Seventh-graders, Soldiers reach out to Iraqi orphans
May 19, 2009
TIKRIT, Iraq - Sustainment Soldiers traveled to a nearby orphanage here with boxes of school supplies donated by Longs Peak Middle School students, Longmont, Colo., for Iraqi school children April 18.
The partnership between Soldiers from the 391st Combat Sustainment Support Battalion and seventh-graders at Longs Peak Middle School began seven months ago through e-mails, phone calls, written letters and two video teleconferences between the students and Soldiers.
During the video teleconferences students had the opportunity to talk with several Soldiers from the 391st CSSB - some of whom were even from their home state of Colorado - and got to hear about Soldiers' experiences in Iraq and what being deployed is really like. They asked about everything from the weapons carried and types of missions conducted to camel spiders, dust storms and day-to-day life.
After the first video teleconference during Veteran's Day 2008, the students focused on children and victims of war, initiating what they refer to as "Project Kindness." Their objective has been raising funds and collecting toys, bedding and clothing for the orphanage.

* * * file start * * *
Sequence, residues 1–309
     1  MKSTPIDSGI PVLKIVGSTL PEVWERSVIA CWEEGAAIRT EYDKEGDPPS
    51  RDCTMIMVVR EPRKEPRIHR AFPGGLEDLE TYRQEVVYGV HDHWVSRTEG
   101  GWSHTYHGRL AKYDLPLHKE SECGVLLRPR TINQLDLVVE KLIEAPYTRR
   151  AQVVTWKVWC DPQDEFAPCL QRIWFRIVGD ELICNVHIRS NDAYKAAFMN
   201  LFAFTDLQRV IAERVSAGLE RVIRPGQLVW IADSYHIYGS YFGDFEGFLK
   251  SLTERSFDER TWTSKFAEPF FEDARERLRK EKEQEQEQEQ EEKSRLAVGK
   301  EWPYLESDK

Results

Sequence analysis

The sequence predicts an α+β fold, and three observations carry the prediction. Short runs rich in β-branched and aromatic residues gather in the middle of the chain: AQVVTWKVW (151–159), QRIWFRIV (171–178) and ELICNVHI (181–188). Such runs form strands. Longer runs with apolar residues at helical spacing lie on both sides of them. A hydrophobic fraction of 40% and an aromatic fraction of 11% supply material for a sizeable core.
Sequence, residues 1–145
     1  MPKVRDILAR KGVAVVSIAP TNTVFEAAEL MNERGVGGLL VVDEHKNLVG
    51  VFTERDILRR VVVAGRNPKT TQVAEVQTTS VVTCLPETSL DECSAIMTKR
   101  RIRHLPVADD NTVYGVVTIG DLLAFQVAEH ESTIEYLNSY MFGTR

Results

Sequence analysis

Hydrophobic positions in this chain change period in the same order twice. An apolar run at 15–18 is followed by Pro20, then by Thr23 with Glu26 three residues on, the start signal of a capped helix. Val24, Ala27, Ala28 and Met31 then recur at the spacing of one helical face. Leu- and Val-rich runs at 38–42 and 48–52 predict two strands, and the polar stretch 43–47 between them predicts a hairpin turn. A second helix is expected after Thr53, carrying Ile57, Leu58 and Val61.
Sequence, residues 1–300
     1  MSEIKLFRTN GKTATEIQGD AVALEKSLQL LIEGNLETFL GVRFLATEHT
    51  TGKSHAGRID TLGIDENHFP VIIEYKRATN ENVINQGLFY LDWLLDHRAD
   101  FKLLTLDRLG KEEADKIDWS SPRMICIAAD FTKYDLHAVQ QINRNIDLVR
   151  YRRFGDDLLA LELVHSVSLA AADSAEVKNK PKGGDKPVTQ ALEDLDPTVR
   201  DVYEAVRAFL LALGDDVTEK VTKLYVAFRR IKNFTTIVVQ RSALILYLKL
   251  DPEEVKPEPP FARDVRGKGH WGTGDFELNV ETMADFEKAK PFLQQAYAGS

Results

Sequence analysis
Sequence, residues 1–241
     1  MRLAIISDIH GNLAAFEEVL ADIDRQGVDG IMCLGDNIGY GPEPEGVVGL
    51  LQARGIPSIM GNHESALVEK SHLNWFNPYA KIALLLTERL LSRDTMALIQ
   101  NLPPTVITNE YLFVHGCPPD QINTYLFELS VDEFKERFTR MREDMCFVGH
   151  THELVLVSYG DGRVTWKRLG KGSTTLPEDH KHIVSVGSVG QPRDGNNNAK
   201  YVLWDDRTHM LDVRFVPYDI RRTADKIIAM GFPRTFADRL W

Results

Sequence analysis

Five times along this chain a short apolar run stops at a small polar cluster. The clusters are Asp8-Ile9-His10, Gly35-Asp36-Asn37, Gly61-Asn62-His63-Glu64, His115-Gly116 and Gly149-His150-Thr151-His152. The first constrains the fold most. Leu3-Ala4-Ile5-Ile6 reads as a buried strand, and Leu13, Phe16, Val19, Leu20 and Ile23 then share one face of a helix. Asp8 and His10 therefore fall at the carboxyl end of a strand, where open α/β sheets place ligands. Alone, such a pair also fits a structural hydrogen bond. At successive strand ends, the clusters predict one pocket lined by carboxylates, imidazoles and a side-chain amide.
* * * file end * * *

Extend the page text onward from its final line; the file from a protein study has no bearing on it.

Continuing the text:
Shortly before the second video teleconference in April, Soldiers at the 391st CSSB received several boxes full of everything the students had collected for the orphanage.
Spc. Andrew McDonald and Spc. Ray Duck coordinated with other Coalition units and Iraqi officials to bring the donated items to the orphanage. They were met at the front gates of the orphanage by the men and women managing the facility, as well as the Director of the Tikrit Children's Organization, Fatin Lateif, a woman on the city council.
"This was far and away the most rewarding experience I have had while deployed," Duck said. "To see the way those children's faces lit up when they saw the toys and clothes we brought. It reminded me that we really are over here to help the Iraqis. You can lose sight of all the good we are doing in this country by reading the news. This mission reaffirmed that there are good things happening over here, too."
After a few minutes of playing with the boys, Soldiers made their way back to the trucks for the trip back to base.
McDonald said, "However, sometimes you get the chance to do something like this for people you don't even know. I know the news just shows all the bad things that happen here and all the things Soldiers do wrong, but after this mission it made me proud to call myself a U.S. Soldier."